We reached Delhi . The onward flight to Katmandu was cancelled and we stayed overnight at ‘Om’ Hotel – harbinger of things to come. The same evening we were taken to the Murugan temple in Delhi – a new experience for me. Going to temples I mean. Though born in a Hindu Brahmin family, there has never been any ritualized religion in my life. Pujas and bhajans (prayers and hymns) were celebrated on festival days more as a social event than as a religious belief. Childhood passed without any firm impressions of religion. Godmen, saints and sages however evoked a different kind of response. My mother was always respectful and would take long journeys to meet them. All her life she has believed in them, and prayed to them. She has even spent many years living in ashrams in search of spiritual enlightenment . I have in all likelihood imbibed this characteristic of hers …and no doubt that explains the recent events in my life. I think I may have come full circle, having imbibed the opposite end of the spectrum in my marriage, I may have now reverted to type?
DAY 3 Tuesday
Kathmandu…must have been a beautiful Himalayan kingdom at some point in time. Today it is a bustling overcrowded town, the traffic a mad whirl of cars ,autos, pedestrians and minibuses. Nepal is not part of India , it was until recently the only Hindu kingdom in the world. After the butchery of the monarchy and the establishment of the fledgling democracy, it has lost much of its romance. It remains the land of many hindu temples, it is the birthplace of the Buddha ( Lumbini ), Sita ( Mythila ),and boasts of the highest mountains in the world reaching heights of over 8000m, Mount Everest.
The temples are largely dedicated to Lord Shiva. The most famous of these is the Pasupatinath temple. The Shakti peedam temple is dedicated to Shakti–the consort of Shiva. The temples are teeming with people , many, saffron robed. The noise and bustle is not conducive to any contemplative prayer , most people are there to get a glimpse of the presiding deity and fulfill their destinies. . It is a very old temple dating back to almost 2000 years or more. I stand in queue with others to file past the door of the sanctum sanctorum to get a fleeting glimpse- cant see much , the interior is too dark (why is it so dark), the whole snakelike movement of the pilgrim crowd is being orchestrated by Nepali guards in uniform.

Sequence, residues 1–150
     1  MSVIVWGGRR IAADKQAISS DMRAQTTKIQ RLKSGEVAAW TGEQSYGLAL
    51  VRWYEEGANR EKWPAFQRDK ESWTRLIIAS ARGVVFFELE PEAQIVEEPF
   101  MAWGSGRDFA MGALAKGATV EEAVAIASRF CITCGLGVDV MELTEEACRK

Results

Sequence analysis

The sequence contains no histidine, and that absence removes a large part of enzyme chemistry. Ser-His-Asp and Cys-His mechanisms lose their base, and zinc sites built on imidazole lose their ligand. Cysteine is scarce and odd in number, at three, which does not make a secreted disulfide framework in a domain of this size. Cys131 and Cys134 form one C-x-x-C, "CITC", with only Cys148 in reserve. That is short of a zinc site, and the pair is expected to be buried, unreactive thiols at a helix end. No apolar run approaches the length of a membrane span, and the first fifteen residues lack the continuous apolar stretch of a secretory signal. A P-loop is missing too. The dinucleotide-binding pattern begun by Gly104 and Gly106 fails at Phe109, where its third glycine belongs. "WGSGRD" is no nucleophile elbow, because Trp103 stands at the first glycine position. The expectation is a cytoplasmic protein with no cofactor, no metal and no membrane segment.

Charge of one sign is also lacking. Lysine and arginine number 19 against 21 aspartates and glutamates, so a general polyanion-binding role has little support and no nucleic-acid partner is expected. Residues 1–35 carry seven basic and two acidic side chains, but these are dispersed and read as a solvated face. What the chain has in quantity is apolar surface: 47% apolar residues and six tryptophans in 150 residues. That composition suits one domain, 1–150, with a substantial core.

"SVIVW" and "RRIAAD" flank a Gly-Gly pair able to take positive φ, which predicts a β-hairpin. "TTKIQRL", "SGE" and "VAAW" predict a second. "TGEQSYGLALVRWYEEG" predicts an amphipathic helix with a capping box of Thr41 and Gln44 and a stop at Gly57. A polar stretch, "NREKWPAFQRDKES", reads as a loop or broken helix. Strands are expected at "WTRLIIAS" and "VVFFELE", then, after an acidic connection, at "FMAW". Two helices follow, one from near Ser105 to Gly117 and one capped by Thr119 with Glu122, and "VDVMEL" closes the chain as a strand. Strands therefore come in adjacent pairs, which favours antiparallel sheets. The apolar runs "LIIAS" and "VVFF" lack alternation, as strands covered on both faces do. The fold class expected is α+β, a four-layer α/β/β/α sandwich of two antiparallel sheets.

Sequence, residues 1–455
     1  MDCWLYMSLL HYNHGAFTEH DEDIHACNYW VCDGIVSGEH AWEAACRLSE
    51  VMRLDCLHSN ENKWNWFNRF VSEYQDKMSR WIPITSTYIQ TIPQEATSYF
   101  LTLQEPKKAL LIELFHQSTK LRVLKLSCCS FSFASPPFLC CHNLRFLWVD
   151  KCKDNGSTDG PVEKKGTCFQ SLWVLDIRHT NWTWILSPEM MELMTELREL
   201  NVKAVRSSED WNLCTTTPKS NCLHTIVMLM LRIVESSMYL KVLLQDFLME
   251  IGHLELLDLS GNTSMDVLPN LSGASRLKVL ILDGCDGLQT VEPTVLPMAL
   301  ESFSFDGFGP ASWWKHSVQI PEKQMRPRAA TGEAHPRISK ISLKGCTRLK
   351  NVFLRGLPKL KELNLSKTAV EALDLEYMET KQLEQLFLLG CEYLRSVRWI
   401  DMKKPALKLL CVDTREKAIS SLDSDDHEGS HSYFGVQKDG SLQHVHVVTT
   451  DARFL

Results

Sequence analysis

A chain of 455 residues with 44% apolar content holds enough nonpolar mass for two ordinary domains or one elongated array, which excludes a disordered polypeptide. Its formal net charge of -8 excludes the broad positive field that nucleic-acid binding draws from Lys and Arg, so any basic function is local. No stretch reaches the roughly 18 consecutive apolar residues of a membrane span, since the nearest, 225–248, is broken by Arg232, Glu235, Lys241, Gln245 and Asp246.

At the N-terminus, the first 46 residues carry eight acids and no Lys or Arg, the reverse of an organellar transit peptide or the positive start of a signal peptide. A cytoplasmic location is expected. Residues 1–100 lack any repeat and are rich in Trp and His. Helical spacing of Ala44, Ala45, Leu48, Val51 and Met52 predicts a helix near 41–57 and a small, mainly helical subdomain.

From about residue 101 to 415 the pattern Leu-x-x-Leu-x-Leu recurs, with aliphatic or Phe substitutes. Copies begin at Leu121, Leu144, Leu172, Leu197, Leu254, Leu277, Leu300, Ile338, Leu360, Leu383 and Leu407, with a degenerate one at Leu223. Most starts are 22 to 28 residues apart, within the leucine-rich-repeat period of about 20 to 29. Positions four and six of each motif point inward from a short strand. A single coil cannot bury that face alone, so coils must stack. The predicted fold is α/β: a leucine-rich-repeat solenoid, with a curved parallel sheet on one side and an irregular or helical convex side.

I wish I could be one with the crowd which feels such veneration and blind worshipful faith. I feel diminished by the experience and know that I am poorer by the absence of faith. At the Shakti peedam, there is a peculiar smell which I am told is the yoni (Sanskrit for divine passage, womb, vagina) smell of the Devi (goddess)
The worship of deities is highly ritualistic, almost mesmerizing in the chanting of verses and the abhisekhams and the aarti. The vibes in these places can be spine tingling…the auditory , visual, and olfactory stimuli are overwhelming. If only I could also lose my sense of self in all this miasma …..
At Budhnath – a reclining Vishnu in black stone on Adishesh Nag (Nag = snake) also sculpted in black stone, lying in a pool of water. The edge of the pool has a lotus tree with one lotus that blooms every day it is said over the sleeping Vishnu .. 20,000 years old ….
Back at the hotel called “Holy Himalaya” we are allotted rooms. My room mate is Baby. Baby is as old as I am – 65, white haired , pattu saree (traditional Brahmin silk sari) clad, and friendly. She has come with a group of 5, mostly family consisting of sisters in law and brothers and an aunt who is almost 70 yrs old. They have embarked on this pilgrimage with a deep sense of reverence and faith.
After dinner the group gathers in a conference room of the hotel. There were 35 of us, all from different walks of life, between the ages of 30-70 years, with one exception – a 77 Year old who came to be called ‘ young man’ by us all.
The organizer of the trip – Jyoti Adhikari who owns the hotel and the travel agency introduces the team of personnel who is to accompany us on our journey. There is Padam- who is the team leader, Loka his assistant -, two cooks, and five helpers. We are given a short lecture on what to expect once we start on our journey. This Nepali team is to prove itself very resourceful when it comes to arranging accommodation and food for us in extenuating circumstances. But more of that later. We are presently comfortably seated , well fed, and looking forward to a good nights rest in what would in retrospect be considered luxurious surroundings.
Our duffle bags and head caps are handed out. We are told that we can only take as much as the bag will hold , and later even that will be trimmed down to bare essentials. Our caps are all colored the same red with the logo of Eco Trek , for easy spotting and recognition, as many such groups as ours will be joining together in the final laps of the journey from the foothills of the Himalayas up to Mount Kailash and back. Packing and repacking, each time culling a bit, is going to be a frequent activity of ours, but we don’t know it yet. Most of the stuff we have brought goes into the red bag. Trekking shoes, warm clothes, empty cans, food and miscellaneous items are all carefully put in. In the backpack, only essentials. We are all chanting ‘OM Namo Shivai’ by now. That too feels strange in my ears coming from me – does Swamiji even guess this I wonder? But whatever it is, I am determined to go into this wholeheartedly. If nothing else, my enthusiasm must be genuine and must make up for the lack of the true Hindu within me. It is Tuesday night in Katmandu and tomorrow, we begin our journey.
(continues in Part 2 tomorrow)